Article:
Spirit Driving Institute Leila Johnson – Transformation Teacher


What’s Going On – My Response to Charlottesville


Last week, Brett and I attended a great business marketing class. The instructor mentioned a long standing rule for businesses - don't share your views on politics or religion through your business. He stated that people assume their customers share the same views as them. And that posting your political or religious leanings can alienate your customers. All the participants nodded in agreement.

Then, this week happened and I can't be silent any longer. I'm not going to apologize if this alienates anyone.

The Charlottesville white nationalists rally and the responses from the president had me speechless for awhile. I shook my head knowing that white supremacy is still such a force. Even worse, I can't believe that we have a president who isn't bothered enough by it for my liking.

You see, Data-Scribe is owned by me and my husband, Brett - two black entrepreneurs who check the "Independent" box on our voter cards. Some of you might wonder what's the big deal in sharing that.

For more than half of the 14 years we've been in business, most of our clients were outside of New Mexico and we never met them in person. Also, we haven't posted pictures of ourselves in too many places. All of that was on purpose.

We noticed that staying largely anonymous online gave us a level playing field. Sometimes when people meet us first instead of seeing our website and portfolio first, they just treat us "differently". It's something that I'm sure other black business owners encounter, but don't like to admit.

This didn't stop us. We feel honored and humbled by all the times we've had a "seat at the table". The number of high profile projects we've worked on, client relationships we've built, and business experiences we've lived through are mind boggling anytime we take a minute to reminisce.

Our parents lived through the Civil Rights Movement. We feel so blessed to have had the opportunities we've had just one generation later. Also, there isn't a day that goes by that I don't wonder what my grandmother would think about the life I lead. I'm sure she would have a sense of pride. And we want to pass down that sense of pride in our heritage and gratitude for today to both of our daughters so that they can strive to do even better than we have.

We often play the "What would life have been like for you in the 1950s?" game with our older daughter. It's a way to show her how much she has to be grateful for and not to have a sense of entitlement. (Don't know if it's working, but, hey, we're trying!)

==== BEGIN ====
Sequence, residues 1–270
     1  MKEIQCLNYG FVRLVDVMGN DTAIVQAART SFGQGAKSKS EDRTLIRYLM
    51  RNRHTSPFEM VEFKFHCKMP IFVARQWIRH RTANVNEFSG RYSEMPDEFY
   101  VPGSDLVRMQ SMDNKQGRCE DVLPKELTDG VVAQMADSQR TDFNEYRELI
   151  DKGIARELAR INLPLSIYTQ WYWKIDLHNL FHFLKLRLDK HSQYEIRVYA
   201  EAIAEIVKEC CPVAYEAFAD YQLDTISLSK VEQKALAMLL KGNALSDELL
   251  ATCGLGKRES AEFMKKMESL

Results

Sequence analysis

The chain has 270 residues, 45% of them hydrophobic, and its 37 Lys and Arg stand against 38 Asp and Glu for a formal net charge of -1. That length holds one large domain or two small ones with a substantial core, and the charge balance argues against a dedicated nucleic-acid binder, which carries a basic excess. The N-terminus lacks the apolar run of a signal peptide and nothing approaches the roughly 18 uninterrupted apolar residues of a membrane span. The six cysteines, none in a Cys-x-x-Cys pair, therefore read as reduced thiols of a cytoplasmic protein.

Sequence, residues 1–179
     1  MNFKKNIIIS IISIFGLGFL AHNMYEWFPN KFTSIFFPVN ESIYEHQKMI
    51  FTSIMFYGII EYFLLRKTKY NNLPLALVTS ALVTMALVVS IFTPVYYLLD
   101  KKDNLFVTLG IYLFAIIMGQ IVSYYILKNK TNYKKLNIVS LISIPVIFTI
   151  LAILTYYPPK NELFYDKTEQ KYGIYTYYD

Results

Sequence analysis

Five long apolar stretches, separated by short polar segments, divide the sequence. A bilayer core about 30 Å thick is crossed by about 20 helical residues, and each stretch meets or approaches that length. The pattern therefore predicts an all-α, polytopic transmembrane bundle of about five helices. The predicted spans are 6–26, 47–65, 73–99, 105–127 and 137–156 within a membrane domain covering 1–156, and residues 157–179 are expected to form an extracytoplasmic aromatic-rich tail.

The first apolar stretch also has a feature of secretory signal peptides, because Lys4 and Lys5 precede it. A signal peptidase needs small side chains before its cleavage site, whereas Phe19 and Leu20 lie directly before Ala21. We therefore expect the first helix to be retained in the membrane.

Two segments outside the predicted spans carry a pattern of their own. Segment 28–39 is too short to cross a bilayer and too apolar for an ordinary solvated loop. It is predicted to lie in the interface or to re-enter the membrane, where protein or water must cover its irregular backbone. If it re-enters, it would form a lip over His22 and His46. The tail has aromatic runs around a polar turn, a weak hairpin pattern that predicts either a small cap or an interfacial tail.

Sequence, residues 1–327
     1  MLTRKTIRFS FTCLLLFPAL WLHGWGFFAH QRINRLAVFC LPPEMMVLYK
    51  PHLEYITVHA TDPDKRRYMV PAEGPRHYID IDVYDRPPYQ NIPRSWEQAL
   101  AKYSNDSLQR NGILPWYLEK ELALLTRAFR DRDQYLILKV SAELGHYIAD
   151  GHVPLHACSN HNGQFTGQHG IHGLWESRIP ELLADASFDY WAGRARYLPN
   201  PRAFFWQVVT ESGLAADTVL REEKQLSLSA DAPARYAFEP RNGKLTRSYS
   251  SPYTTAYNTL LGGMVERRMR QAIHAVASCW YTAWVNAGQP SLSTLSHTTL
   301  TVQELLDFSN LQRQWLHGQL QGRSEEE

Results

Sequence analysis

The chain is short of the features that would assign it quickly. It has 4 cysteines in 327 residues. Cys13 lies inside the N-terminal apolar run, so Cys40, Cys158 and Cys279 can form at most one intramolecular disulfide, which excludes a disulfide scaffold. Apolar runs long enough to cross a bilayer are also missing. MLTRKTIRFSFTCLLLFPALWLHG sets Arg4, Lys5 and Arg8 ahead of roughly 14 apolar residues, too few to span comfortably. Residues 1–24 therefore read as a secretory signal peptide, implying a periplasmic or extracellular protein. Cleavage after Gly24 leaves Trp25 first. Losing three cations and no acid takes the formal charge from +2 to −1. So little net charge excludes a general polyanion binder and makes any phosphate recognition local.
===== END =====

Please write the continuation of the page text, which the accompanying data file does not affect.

We ask her things like "Would we have lived in this neighborhood?" No. "Would you have gone to this school?" No. "Would you have had the white friends you have?" No.

Then we ask her "Why?". And she says "Because we're black and black people didn't get to have those things back then." Simplistic, but hopefully gets the point across.

So, now I think about that game in today's context and can't help but feel like we're going backwards. Could the white supremacy movement gain enough momentum that the 1950s picture I painted could once again become a reality? How do we deal with having a president who continues to reveal his true colors in increasingly disturbing ways? How do you encourage your young black children with the usual rhetoric of growing up to be whatever they dream about? How do you say, "You could even be president!" with a straight face...

Let me return to where I started with this post. As far as I can remember, this is the first post where I've mentioned anything related to politics and race. I was inspired by the CEOs of public companies sharing their views and disassociating from the president. It feels good to share how I've been feeling for so long in this way.

So, where do we go from here? My knee jerk reaction is to donate money to an advocacy or human rights group. That seems like an easy way out to make me feel like I'm doing something. But, how do you know which one and whether your donation is really making a difference?

I don't have the answers right now, but will continue to seek ways to make a difference. I'd love to hear what other small business owners do when they feel moved to take a social stand.

In the meantime, I'll continue to play the "1950s game" with our daughter and hope that those conditions remain a thing of the past.

About Leila Johnson

Rev. Leila Johnson's book, Driving to Success: Let Your Spirit Take the Wheel, is a spiritual retreat for overachieving entrepreneurs and professionals who want to redefine the answer to "What do you want to be when you grow up?". Leila is President and Co-Owner of Data-Scribe, an information technology systems integration and modernization firm providing services to businesses, nonprofit organizations, and government agencies. As part of her journey on the road of life, Leila has earned her Bachelor of Science in Biochemistry and in the Metaphysical Sciences. She also holds her Master of Divinity and is an ordained reverend. Prior to starting her business, Leila worked as a call center coach, curriculum developer, and trainer in the financial and insurance industries.
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